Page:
Two hives getting ready for the new home "away from home"

Busy bee week for me!  Three small hives are now happily housed here on the urban homestead. Additionally, I was lucky (and fortunate) to find a nearby homeowner that will let me keep a few at her home.

I scouted out her property the other day and was happy with what I saw.  It’s huge in size with a hilly terrain.  Her property, situated next to a park, has a tennis court and pool. So, the bees will be in a quiet and secluded place.    I plan on starting out with two hives there and see how things go from there.

Another friend and fellow city beekeeper is housing his hives nearby.  So, apparently a good spot – nearby and easy to keep on eye on.

Better yet, it’s so close I can even bike!

Mail order bees

Been getting a few email requests about selling bees to start newbies (or “newbees,” in this case).  I’m thinking about it, but first will concentrate on the health and welfare of the hives here.  If, God willing, all goes well, I MAY have  a few to sell in the future.

Besides being busy with bees and spring plantings, tax time has arrived.  Well, farming and taxes don’t mix.  In an agricultural society, the powers that be would know better than to require tax filings during spring plantings. However,   I’m chief financial officer here, so like I always do, I filed for an extension.  I have WORK to do!

TAXES: Of life’s two certainties, the only one for which you can get an automatic extension.  ~Author Unknown


  1. Ginger says:

    Fun post! My newbees will be showing up in May. Don’t you just love installing a new hive of bees?

  2. Nebraska Dave says:

    Justin, I’m so glad to see that there are once again bees on the homestead. I think it’s great that folks in the city will let you put hives on their property. I expect that they will get part of the honey for letting you keep a hive on their site.

    Happy tax day.

  3. elaine nieves says:

    I had to chuckle when I read the quote about taxes. How true it is. My hat is off to you for juggling all the jobs that you have to do daily and then be CFO in addition! It is very inspiring to read all that you and your family accomplish on your urban homestead.

  4. Mia says:

    You pay taxes? You mean you make a profit? Good for you.

    • Anais says:

      @Mia: Yep, every year. Well, not much but we get by!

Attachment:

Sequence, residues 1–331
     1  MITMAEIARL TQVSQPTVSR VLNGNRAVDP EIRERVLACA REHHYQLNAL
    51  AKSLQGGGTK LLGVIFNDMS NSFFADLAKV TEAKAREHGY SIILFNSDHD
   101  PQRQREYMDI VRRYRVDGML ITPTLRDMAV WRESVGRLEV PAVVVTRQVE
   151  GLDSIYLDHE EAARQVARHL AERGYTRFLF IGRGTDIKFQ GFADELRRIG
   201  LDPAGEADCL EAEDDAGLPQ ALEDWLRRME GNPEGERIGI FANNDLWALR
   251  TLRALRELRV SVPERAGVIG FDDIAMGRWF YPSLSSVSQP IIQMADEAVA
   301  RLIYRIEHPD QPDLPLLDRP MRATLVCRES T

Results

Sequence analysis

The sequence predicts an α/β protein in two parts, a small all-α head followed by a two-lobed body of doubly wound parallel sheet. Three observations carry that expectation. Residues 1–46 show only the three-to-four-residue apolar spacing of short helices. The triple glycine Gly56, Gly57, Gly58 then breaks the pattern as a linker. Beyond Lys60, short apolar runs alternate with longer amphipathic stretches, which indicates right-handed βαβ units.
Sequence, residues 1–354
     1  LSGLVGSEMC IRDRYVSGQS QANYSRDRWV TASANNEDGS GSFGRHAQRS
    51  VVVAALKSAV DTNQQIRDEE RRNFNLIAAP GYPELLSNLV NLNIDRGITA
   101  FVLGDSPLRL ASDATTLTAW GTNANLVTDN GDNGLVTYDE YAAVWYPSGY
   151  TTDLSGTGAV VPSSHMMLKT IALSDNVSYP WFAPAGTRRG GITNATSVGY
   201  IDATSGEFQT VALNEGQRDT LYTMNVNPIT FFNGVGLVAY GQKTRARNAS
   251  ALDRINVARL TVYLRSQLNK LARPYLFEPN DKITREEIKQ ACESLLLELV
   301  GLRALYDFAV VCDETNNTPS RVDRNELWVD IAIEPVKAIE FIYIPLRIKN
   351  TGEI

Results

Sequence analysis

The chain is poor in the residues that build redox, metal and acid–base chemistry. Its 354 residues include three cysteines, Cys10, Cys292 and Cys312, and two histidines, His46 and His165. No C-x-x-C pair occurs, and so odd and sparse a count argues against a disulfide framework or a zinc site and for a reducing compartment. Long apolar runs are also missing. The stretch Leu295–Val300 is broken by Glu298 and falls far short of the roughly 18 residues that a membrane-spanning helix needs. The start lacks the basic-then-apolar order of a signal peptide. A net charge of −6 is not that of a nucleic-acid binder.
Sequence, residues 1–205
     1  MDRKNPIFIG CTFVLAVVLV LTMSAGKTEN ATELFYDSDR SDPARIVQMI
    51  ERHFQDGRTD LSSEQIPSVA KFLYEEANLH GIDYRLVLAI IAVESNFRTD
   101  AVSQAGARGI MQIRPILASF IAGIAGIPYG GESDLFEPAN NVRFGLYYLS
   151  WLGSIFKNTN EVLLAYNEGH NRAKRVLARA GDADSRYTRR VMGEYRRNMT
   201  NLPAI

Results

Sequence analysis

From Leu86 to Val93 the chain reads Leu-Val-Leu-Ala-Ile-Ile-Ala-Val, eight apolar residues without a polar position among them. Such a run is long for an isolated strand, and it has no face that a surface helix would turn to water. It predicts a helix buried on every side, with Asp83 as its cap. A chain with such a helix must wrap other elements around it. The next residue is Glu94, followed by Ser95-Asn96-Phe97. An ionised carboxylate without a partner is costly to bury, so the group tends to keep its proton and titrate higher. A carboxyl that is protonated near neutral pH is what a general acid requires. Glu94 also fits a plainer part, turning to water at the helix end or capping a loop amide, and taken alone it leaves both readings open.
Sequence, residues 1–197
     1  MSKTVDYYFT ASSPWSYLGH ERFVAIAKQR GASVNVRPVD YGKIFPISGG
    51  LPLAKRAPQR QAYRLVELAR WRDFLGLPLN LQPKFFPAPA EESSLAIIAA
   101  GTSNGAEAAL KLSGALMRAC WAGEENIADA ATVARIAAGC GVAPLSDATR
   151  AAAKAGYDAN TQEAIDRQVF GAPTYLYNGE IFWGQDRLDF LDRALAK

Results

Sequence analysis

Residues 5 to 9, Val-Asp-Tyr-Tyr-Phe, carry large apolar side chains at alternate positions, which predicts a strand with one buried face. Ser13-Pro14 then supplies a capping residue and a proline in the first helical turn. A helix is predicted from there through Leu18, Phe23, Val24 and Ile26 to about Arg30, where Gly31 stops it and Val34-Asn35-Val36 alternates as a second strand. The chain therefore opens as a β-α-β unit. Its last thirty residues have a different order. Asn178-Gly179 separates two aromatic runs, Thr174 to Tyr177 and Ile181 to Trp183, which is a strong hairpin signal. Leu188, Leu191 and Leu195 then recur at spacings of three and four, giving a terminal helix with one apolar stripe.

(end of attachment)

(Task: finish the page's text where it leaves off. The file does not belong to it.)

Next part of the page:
5. Chris says:

    Taxes suck.

  6. D.B.R. says:

    I am so happy to see how well you are doing. I am trying to get started here and it seems so hard. We are clearing land right now. I have 10 acres, and we only ever cleared 2 acres. We are clearing another two so we can have field crops. I am trying your raised bed approach, so far nothing. I guess I am doing something wrong. I can plant a field fine, but hauling in dirt for raised beds seems like extra work. Good luck, I hope some of the luck comes our way too.

    • A.F. James MacArthur Ph.A.L. says:

      @D.B.R., I’m not sure whether the Dervaes would agree or not, but with property that big, you really want to go at it in baby steps.

      There are many advantages to raised beds, but depending on the health and texture of your soil, may not be 100% necessary to get started. Perhaps building a few each season, while working the rest of the land directly in ground would gradually get you built up.

  7. Stan McClain says:

    Justin- Have you given any thought to offering centrifuge services in exchange for honey?

    I’m not pleased with my technique of mashing the comb and then straining it, my honey ends up solidifying after a few months; it looks and tastes “waxy”. I kinda hate to buy a $250 hand crank centrifuge, which I’ll only use twice a year. Do you have any new thoughts?

    Stan @ Johnston Lake

    • Anais says:

      @Stan McClain: Yes we have! Thinking about trading the “rental use” for % of honey. Have to work out details. Will get back to you, or if you don’t hear from us just give us a reminder! 😉

  8. kerstina says:

    You are soo funny!!! Good luck with the bees!

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